Saturday, May 5, 2012

Oldest bound book in Europe retrieved from grave

The compact book retains its original ornate binding.
This little beauty—a handwritten copy of St John’s Gospel from the New Testament—was just bought by the British Library for a cool $9 million. Its provenance is impeccable, having been placed in the coffin of St Cuthbert at Lindisfarne Priory in 698, where it lay undisturbed for the next 400 years. In 793, the Vikings attacked, and the community had to leave the island around 875, carrying Cuthbert’s coffin with them. The gospel was discovered in 1104 when the coffin was opened for reburial and enshrinement in Durham Cathedral.
The gospel's covers are made of birch boards covered with decorated, red goatskin. Two panels of Anglo-Saxon interlace have been tooled onto this intricately decorated front cover and decorated with yellow and bluish pigments. The central motif of a stylized vine sprouting from a chalice reflects earlier Christian imagery from the Eastern Mediterranean and has similarities with silverwork details on a portable altar also found in St Cuthbert’s coffin. It may represent the text ‘I am the vine, you are the branches’ from St John’s Gospel.
After Henry VIII suppressed the Cathedral's Priory in 1540, the book disappeared from history until it was recorded as being in the possession of mathematician Thomas Allen (d. 1632), a fellow of Trinity College, Oxford. By the 18th century, the Gospel belonged to George Henry Lee, 3rd Earl of Lichfield (d. 1772), who gave it to the Reverend Thomas Phillips, S.J. (d. 1774). He in turn donated it to some English Jesuits, and it was later kept for nearly 200 years at a Jesuit college in Lancashire before being put on loan to the British Library in 1979. The press release of the new proud owners gives this account of Cuthbert's life:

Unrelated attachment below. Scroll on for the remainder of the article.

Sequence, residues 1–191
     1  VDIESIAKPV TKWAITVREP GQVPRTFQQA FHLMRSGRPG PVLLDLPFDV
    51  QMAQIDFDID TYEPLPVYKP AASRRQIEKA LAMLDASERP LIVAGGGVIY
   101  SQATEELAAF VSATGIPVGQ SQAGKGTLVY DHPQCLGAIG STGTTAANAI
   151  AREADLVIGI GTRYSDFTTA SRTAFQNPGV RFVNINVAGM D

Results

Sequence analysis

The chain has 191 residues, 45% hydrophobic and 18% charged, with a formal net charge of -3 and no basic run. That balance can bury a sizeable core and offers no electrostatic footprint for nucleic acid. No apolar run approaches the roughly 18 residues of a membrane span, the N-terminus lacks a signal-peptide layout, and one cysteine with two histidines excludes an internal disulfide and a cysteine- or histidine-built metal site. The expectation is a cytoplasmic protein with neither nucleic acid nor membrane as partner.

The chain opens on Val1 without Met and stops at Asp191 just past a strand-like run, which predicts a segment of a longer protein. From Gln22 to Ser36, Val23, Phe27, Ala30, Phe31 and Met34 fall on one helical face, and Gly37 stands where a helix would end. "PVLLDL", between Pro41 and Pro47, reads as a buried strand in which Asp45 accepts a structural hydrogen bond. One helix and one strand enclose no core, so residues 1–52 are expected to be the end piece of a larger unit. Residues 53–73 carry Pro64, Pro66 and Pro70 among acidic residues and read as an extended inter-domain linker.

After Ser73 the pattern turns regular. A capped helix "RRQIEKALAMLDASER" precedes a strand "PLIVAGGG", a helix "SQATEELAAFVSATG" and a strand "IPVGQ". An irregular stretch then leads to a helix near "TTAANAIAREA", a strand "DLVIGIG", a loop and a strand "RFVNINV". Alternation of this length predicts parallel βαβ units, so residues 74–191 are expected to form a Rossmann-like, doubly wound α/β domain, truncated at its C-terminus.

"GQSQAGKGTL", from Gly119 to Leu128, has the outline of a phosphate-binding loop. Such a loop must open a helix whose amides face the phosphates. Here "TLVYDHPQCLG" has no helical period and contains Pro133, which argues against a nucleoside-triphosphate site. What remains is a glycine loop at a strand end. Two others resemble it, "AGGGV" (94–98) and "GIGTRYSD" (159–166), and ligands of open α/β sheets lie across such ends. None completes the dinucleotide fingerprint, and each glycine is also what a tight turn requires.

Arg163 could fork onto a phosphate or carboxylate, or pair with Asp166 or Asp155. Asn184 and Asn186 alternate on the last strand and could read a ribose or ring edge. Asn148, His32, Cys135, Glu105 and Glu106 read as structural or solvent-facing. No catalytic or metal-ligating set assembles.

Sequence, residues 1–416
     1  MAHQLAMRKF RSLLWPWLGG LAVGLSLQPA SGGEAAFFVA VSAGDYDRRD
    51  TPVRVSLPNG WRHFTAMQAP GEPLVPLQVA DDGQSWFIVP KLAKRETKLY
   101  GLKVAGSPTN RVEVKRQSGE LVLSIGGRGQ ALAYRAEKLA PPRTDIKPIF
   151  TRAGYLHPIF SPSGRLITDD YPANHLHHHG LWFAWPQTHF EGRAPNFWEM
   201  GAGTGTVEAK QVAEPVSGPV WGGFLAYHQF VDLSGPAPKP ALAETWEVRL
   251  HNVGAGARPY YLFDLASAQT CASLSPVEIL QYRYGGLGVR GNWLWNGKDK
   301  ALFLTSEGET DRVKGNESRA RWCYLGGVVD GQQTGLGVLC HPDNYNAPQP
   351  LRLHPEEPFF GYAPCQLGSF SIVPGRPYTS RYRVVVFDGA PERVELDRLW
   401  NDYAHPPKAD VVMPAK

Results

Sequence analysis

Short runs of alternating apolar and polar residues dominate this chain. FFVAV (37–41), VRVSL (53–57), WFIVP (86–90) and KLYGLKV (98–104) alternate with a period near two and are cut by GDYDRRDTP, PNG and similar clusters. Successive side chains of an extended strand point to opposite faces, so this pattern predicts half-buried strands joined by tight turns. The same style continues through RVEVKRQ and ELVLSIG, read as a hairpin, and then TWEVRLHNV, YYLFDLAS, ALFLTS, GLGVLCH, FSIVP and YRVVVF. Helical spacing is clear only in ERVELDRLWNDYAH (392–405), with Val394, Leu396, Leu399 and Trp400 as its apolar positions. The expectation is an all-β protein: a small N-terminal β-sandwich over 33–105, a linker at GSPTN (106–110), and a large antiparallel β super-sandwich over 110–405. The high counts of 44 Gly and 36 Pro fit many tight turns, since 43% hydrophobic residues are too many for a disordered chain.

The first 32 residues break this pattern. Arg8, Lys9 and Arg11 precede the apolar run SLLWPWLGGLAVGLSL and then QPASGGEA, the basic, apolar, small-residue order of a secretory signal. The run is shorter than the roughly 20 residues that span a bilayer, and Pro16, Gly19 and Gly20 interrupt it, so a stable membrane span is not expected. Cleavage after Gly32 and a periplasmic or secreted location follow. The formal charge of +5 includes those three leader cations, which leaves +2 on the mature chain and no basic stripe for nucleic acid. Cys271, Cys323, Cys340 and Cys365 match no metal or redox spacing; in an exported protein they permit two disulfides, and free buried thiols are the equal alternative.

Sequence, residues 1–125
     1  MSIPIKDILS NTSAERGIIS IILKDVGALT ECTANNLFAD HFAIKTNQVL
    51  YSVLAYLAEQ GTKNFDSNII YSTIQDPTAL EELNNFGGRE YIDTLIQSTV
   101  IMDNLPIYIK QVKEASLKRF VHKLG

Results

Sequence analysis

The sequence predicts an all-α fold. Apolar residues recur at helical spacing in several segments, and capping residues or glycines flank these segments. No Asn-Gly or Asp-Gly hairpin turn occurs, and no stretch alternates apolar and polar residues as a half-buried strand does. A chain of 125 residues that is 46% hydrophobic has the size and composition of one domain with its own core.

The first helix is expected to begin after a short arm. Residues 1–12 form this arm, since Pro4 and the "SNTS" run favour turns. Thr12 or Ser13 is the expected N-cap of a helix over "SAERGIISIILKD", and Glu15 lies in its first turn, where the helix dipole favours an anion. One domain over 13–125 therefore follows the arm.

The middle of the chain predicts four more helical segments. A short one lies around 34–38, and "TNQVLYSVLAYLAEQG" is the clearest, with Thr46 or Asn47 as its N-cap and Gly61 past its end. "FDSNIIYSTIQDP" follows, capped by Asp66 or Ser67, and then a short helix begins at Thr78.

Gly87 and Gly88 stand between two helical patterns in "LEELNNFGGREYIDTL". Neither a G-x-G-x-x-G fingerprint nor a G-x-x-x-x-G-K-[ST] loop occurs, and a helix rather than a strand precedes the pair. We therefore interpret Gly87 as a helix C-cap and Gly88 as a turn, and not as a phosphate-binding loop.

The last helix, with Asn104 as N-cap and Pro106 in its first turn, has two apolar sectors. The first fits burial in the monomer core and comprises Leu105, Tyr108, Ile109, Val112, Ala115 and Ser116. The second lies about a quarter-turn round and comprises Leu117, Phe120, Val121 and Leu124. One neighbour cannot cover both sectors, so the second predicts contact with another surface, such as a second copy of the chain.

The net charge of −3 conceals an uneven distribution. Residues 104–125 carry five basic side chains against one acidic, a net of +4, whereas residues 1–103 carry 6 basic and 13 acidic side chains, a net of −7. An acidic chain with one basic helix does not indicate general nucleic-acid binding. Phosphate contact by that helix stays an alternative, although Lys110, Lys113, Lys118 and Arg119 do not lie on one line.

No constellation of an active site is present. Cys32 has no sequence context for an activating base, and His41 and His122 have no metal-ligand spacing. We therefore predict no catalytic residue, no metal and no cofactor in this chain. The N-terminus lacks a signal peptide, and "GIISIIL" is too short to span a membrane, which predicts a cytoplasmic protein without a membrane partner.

A successor to the famous early Christian missionaries, St Patrick, St Columba and St Aidan, Cuthbert first entered the monastery at Melrose in southern Scotland in 651, moved to the new monastery at Ripon in Yorkshire and then returned to Melrose. In 664, the Synod of Whitby addressed growing tensions between Irish and Roman traditions within the Church by backing Roman practices. Soon afterwards, Cuthbert, who apparently accepted the Roman traditions, became prior of the Irish-founded monastery at Lindisfarne on Holy Island, off the coast of north-east England, and in 685 was made bishop of Lindisfarne. During this time, he spent long periods living as a hermit on the nearby island of Inner Farne where he died on 20 March 687. Cuthbert was elevated to sainthood in 698, only 11 years after his death. He became one of Britain’s most popular and widely-venerated saints, both in the Anglo-Saxon period and after the Norman Conquest. Bede (d. 735), the historian and monk of Wearmouth-Jarrow who wrote two biographical accounts of Cuthbert’s life, said he was the saint for Britain, just as Peter and Paul were the saints for Rome. Cuthbert’s shrine was a major national pilgrimage centre in the Middle Ages and he remains the North’s best-loved saint.
Because its only marginal annotations designate passages to be used for masses for the dead (e.g., de mortuorumin; above, left), it is thought that the book may have been used at the 7th-century service in Lindisfarne Priory to mark the canonization of Cuthbert. The Library has already digitized each precious page, so that scholars and dilettantes can peruse it at will. Almost makes you want to brush up on your Latin (although it's surprising how many words you can figure out)!

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